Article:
Giffords’ touching words came halfway through a star-studded lineup on the final night of the convention, culminating with President Barack Obama accepting his party’s nomination for re-election. Roll Call first broke the news Giffords would deliver the pledge. Full story
President Barack Obama will ask voters for patience in dealing with the economy and argue that this election will be the “clearest choice of any time in a generation” as he makes his case for a second term in his acceptance speech tonight at the Democratic National Convention.
Obama will point to the difficulty of the task of fixing the economy, according to excerpts released ahead of his prime-time speech.
“I won’t pretend the path I’m offering is quick or easy. I never have. You didn’t elect me to tell you what you wanted to hear. You elected me to tell you the truth. And the truth is, it will take more than a few years for us to solve challenges that have built up over decades.” Full story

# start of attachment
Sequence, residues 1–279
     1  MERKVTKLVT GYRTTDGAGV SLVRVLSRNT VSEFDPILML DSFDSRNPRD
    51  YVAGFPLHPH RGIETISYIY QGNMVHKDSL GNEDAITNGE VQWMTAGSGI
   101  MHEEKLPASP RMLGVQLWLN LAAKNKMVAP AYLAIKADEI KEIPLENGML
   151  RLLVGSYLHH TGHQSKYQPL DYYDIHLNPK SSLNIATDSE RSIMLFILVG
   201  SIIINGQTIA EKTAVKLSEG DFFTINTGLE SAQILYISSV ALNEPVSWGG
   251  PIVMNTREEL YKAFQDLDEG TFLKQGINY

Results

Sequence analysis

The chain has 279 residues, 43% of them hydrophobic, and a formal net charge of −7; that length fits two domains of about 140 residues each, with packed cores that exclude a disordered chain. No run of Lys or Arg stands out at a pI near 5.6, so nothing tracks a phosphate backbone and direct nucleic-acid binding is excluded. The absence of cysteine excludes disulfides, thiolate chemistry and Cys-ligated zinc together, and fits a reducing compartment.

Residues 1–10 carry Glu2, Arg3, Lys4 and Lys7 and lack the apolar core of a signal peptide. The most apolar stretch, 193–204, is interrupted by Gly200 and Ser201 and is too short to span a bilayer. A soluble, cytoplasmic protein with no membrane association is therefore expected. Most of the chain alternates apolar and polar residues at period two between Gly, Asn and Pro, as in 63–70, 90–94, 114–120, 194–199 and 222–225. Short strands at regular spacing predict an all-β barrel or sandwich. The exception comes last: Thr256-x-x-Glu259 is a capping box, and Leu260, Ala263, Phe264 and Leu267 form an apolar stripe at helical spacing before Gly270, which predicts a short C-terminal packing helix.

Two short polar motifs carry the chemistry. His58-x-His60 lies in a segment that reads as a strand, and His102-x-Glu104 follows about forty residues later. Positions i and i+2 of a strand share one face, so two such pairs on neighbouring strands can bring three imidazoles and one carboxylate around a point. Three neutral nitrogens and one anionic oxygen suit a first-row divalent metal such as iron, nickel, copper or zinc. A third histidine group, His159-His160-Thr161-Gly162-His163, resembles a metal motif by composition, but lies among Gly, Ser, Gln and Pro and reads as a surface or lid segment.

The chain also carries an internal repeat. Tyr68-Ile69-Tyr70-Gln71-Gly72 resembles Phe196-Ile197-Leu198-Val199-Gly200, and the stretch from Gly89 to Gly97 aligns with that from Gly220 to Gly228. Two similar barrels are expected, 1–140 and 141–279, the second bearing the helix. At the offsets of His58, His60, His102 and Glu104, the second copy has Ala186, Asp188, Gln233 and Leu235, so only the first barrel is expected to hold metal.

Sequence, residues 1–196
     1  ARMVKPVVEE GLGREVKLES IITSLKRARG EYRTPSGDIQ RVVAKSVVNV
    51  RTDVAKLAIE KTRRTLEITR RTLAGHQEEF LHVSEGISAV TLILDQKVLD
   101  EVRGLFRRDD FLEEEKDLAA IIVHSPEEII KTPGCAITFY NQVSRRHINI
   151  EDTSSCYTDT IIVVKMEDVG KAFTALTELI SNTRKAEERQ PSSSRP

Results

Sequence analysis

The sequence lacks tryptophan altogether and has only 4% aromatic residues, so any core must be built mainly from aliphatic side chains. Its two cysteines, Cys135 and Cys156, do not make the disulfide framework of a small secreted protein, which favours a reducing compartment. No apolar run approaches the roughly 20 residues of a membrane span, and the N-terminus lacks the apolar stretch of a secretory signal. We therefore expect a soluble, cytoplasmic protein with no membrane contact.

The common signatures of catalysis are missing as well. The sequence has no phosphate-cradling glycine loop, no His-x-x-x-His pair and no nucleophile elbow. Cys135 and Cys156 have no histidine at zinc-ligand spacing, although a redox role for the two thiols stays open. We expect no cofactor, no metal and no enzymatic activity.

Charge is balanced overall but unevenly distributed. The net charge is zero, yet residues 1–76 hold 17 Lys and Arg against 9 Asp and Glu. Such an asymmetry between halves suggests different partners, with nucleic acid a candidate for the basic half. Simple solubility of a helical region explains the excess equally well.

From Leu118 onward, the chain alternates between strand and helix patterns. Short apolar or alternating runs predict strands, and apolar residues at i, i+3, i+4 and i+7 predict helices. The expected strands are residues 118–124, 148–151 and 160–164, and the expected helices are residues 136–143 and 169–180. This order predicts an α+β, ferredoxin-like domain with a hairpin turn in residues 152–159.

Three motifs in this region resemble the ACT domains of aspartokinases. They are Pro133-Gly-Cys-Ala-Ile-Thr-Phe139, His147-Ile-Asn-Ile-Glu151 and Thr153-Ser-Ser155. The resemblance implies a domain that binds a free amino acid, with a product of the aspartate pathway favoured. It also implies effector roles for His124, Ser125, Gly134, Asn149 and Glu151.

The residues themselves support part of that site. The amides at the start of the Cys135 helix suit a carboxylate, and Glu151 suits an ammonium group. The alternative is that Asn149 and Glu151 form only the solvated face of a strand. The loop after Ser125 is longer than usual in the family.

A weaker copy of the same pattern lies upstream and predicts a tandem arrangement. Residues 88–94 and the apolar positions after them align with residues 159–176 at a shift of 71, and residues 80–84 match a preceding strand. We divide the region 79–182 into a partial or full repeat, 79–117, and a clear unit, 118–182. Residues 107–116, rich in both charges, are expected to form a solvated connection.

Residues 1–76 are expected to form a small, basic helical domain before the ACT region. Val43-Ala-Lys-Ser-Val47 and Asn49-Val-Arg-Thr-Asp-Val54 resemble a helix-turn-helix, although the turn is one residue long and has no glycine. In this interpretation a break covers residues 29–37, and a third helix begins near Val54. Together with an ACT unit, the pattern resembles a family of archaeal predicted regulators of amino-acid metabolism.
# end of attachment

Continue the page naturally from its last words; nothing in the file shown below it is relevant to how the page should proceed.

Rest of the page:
CHARLOTTE, N.C. — House Assistant Minority Leader James Clyburn (D-S.C.) weighed in on former President Bill Clinton’s widely praised nominating speech for President Barack Obama, calling it the “second best of the convention” so far.
“I thought it was a great speech,” he said in a brief interview on the floor of the Democratic National Convention tonight. “I gotta give No. 1 to Mrs. Obama, but I thought it was a great speech.”
Although the 2008 Democratic primary between then-Sens. Barack Obama and Hillary Rodham Clinton took a nasty tone in his home state of South Carolina, Clyburn brushed off any ongoing enmity between the Obama and Clinton camps.
A Republican super PAC on Friday will launch a sharp television assault on embattled Massachusetts Rep. John Tierney (D).
The ad from the YG Action Fund asks what “the truth” is about the eight-term Congressman and tells viewers about the gambling ring of Tierney’s wife’s family.